- ETP had a pipeline rupture in Texas that resulted in an explosion.
- Company claims it has lost $450 million because of delays – but has yet to be issued the final required permit for drilling under the Missouri River.
- North Dakota’s oversight of the oil industry was called into question by a 2014 New York Times investigation that found that North Dakota public officials largely allow the company to self-regulate itself. (The Down side of The Boom.)
- Tribes and global banks have already begun divestment proceedings in the wake of a Trump presidency.
Law enforcement officials in North Dakota and others enlisted from out of state are clearly untrained in methods to de-escalate violence. Instead, through dangerous and dehumanizing tactics and a relentless public relations campaign largely advanced by the Morton County Sheriff’s Department, they have championed construction of the pipeline despite federal approval to do so.
- Elder tribal leaders and water protectors have been pulled out of sweat lodges while praying, strip searched and charged with crimes they did not commit. North Dakota law enforcement have taken the extra step of relocating unlawfully arrested citizens to jails outside of Bismarck in order to prolong their jail detentions.
- Independent journalists and peaceful protectors have been tased, shot with rubber bullets, maced and sustained broken bones, strip searched and left naked, and hooded while zip-tied like war criminals.
- Last week, a judge threw out felony charges against the majority of protectors arrested during one of the country’s most militarized raids every captured on television and video. North Dakota public officials have never apologized for their tactics.
- After the October raid, 139 people were charged with one felony count of conspiracy to endanger by fire or explosion and two misdemeanor counts. The prosecutors filed a single complaint and supporting affidavit against all of them on Nov. 10. The judge said prosecutors failed to make their case.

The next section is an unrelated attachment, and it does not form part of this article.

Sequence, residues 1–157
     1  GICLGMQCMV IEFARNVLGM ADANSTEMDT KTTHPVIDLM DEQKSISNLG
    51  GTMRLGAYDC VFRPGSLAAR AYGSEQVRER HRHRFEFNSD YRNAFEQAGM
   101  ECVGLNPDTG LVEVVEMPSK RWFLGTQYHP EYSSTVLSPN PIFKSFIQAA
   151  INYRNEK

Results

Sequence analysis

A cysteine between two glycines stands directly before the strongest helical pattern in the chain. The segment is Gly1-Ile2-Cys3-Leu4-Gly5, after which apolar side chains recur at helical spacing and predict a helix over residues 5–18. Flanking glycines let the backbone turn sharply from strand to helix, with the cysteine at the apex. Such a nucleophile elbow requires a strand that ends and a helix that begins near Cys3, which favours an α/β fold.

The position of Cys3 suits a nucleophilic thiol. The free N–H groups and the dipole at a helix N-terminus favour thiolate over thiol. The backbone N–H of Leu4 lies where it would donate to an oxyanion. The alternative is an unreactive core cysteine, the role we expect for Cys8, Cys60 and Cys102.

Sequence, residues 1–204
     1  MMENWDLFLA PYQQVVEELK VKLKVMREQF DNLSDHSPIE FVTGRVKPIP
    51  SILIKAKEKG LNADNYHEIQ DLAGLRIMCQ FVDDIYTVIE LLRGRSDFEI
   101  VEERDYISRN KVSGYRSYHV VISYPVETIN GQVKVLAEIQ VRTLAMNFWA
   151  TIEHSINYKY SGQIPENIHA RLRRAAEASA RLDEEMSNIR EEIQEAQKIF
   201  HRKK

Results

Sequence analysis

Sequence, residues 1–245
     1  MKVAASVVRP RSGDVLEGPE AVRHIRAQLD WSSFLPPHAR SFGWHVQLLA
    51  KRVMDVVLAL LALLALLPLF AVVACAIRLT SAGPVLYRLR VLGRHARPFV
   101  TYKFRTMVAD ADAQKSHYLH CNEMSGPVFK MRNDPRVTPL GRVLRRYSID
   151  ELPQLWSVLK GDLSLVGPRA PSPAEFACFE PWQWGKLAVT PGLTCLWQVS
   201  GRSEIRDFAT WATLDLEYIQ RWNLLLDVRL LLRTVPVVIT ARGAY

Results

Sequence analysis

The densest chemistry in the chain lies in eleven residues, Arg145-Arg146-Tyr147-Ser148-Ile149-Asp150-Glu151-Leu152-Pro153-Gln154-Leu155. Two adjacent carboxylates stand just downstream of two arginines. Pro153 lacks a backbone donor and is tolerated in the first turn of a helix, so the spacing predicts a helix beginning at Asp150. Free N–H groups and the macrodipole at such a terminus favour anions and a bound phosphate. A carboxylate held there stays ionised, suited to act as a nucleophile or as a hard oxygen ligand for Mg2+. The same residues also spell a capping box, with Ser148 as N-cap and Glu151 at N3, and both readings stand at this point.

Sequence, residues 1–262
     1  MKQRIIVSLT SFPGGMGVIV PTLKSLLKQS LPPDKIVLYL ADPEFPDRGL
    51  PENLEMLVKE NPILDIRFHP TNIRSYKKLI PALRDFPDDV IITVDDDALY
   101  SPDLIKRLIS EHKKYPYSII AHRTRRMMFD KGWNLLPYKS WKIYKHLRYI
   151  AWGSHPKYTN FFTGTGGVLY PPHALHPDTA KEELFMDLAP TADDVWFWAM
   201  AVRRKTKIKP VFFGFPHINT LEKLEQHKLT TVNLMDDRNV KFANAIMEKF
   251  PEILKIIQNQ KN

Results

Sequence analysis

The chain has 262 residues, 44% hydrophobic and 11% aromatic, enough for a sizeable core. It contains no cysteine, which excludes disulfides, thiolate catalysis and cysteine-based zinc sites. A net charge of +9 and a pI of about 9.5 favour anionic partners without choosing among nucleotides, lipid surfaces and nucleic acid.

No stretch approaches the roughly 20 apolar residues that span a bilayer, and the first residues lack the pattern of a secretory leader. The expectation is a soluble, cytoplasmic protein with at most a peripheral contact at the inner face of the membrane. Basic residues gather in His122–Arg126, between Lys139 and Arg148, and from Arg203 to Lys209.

- “As far as the court can tell from the facts alleged in the affidavit, these fires were set sporadically, at different locations, by different individuals, seemingly at random. The State has not alleged facts sufficient to show an explicit or implicit agreement between the 139 defendants to commit the offense charged.” (The Bismarck Tribune)
- Law enforcement agencies have encouraged local property owners to arm themselves against peaceful demonstrators, observers from Greenpeace witnessed.
- Earlier in October, an unidentified man charged protectors at the camp with an assault firearm and was safely detained by protectors before he could discharge his weapon. North Dakota law enforcement has failed to provide a transparent report on this incident or the identity of the man or his relationship to DAPL or law enforcement despite repeated requests.
- Police reported that water protector Red Fawn Fallis fired off a gun that required police to subdue her. Video footage of the incident shows a half-a-dozen male law enforcement officers subduing the 5’2” woman on her stomach, tasing her for 30 seconds without interruption before shots were fired. It is unclear where the shots came from. Witnesses at the scene have rejected law enforcement accounts of this incident.
- Independent journalists reporting at the camps have been unlawfully arrested (Amy Goodman) or assaulted with rubber bullets while simply conducting on-site interviews.
- Medics stationed at the camp have reported treating protectors for broken limbs, soft injuries from rubber bullets the size of baseballs and mace burns.
- Camp water protectors have reported that at least two horses have been euthanized after law enforcement chased Native Americans on their horses with ATVs while shooting rubber bullets at the animals and their riders.
- More than 600 wild buffalo were rounded up and sent to slaughter to make way for the pipeline earlier this month. An anonymous American donor has offered to pay for their release.